It's a slippery slope, and I think you can see where I'm going with this. Could feminists demand equal time from those who broadcast Tom Leykis, say, or from Sirius radio for Howard Stern's show? I don't see why not, if the FD is reinstituted and expanded in the manner Slaughter has proposed. (On the flip side, I reckon wing-nuts could look forward to free airspace from NPR and Air America, though they don't really need it.) Previously the argument was that the public airwaves belong to everyone, that no one "owns" them, so speech can be regulated on them, an exception to the First Amendment's prohibition on Congress passing any law "abridging the freedom of speech, or of the press." Actually, the Fairness Doctrine was not even a law in the past, it was an FCC rule. But once the FCC dropped FD, Dems tried and failed to codify FD into law. And they will likely attempt so again, especially if they win the White House in '08. Any such legislation would be vetoed by Bush in the interim, and the Dems don't have the votes to override that veto.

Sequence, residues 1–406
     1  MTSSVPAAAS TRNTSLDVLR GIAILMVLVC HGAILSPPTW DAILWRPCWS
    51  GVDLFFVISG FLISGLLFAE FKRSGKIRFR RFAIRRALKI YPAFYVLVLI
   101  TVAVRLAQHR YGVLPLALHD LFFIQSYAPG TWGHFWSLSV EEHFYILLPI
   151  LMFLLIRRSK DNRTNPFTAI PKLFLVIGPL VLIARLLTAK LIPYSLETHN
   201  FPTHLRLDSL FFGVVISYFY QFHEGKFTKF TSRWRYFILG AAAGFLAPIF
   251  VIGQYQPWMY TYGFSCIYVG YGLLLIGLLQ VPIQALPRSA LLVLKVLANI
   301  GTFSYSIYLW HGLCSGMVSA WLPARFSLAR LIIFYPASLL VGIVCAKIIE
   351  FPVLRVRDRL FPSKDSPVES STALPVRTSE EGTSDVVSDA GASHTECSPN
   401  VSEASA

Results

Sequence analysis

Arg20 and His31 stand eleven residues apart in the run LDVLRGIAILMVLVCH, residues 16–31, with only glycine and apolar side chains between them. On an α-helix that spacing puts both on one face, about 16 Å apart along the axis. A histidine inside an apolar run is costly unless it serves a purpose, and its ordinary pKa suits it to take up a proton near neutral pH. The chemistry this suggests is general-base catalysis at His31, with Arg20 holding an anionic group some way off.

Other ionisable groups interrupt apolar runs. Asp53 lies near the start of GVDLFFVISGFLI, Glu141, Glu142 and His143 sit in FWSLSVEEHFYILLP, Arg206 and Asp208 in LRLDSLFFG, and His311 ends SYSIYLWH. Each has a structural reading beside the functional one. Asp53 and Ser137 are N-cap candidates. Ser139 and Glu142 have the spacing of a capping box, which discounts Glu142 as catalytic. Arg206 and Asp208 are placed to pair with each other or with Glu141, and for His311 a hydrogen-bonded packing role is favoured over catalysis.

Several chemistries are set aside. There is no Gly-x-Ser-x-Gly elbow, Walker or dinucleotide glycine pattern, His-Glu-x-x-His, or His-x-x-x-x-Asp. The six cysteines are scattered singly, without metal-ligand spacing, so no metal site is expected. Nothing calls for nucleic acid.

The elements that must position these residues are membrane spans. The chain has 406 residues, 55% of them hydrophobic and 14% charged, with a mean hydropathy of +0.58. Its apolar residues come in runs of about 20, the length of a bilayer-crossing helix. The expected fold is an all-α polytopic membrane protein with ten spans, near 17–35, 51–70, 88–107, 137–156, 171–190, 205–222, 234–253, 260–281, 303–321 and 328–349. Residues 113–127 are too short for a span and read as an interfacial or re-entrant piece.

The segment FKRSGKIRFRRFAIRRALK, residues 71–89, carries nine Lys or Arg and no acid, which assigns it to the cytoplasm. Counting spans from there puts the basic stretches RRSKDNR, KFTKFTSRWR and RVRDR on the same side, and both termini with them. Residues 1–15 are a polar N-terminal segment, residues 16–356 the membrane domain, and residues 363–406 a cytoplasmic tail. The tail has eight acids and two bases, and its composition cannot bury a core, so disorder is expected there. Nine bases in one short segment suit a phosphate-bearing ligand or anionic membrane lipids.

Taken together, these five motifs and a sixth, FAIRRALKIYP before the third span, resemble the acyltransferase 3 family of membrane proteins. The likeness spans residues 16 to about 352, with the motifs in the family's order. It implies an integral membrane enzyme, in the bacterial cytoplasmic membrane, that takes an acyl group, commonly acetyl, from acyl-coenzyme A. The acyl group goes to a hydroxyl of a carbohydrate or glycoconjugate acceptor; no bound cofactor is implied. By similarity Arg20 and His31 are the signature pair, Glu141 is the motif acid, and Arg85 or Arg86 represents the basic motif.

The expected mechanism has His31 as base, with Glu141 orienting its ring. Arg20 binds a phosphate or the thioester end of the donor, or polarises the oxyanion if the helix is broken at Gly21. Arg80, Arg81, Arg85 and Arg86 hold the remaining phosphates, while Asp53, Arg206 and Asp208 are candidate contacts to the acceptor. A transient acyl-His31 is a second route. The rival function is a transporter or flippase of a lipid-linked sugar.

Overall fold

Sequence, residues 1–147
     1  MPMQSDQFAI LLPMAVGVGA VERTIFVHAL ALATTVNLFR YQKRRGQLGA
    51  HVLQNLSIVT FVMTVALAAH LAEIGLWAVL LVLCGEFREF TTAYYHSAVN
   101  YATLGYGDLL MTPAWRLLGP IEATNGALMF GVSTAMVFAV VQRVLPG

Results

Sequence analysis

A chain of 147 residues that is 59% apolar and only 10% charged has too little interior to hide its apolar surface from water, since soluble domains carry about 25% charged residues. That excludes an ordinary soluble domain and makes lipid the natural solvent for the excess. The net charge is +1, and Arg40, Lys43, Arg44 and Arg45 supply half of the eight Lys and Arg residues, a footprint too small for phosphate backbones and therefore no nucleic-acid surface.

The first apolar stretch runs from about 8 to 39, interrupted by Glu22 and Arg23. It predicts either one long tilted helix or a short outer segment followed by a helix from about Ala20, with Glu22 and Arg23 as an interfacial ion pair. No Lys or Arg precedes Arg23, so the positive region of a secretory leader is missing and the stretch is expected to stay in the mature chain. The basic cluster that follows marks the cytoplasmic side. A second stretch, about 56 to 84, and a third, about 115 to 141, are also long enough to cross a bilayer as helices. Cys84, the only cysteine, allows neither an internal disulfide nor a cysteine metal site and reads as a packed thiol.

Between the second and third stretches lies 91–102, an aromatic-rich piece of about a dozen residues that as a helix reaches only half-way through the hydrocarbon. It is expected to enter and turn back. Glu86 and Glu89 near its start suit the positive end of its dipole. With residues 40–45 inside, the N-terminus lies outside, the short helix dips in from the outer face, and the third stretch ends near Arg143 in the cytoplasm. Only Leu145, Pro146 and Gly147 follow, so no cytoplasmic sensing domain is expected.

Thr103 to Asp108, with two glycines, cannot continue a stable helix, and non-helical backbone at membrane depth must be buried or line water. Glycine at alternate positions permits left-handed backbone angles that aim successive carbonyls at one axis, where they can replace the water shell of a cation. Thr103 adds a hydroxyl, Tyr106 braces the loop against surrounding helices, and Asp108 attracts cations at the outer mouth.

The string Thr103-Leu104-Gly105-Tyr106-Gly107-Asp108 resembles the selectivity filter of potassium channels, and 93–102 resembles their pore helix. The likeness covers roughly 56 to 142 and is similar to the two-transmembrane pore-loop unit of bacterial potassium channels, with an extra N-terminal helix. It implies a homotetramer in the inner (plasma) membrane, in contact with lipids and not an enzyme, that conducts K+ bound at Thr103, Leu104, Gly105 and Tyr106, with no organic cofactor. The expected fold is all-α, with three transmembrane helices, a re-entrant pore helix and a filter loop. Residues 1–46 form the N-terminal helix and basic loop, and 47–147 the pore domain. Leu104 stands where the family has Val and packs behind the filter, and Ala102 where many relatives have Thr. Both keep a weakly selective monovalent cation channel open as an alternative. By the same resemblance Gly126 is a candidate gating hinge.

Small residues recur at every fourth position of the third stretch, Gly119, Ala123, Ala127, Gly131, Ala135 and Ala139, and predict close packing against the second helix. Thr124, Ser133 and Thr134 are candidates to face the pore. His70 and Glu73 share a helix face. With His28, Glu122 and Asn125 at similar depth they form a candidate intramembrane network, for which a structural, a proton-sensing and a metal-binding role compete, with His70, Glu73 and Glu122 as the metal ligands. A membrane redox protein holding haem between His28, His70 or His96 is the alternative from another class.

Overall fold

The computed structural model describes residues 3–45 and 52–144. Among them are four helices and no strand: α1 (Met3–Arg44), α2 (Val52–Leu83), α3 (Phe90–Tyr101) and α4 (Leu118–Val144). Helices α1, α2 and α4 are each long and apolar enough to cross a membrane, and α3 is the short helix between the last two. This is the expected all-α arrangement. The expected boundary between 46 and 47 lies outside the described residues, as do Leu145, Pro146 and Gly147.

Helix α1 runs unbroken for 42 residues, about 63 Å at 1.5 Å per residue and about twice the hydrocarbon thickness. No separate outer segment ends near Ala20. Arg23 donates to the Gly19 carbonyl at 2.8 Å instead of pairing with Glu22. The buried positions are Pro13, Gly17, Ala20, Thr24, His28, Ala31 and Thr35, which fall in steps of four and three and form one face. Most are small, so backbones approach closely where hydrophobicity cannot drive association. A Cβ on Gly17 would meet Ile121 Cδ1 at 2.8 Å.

In late June, the House voted overwhelmingly to block any federal funding of the Fairness Doctrine through the end of 2008. However, as Cliff Kincaid, a columnist for the conservative organization Accuracy in Media recently pointed out, this was a temporary move, which even if it passes the Senate, "would do absolutely nothing to stop a Democratic president and Congress from reinstating the Fairness Doctrine." And broadening it, I might add.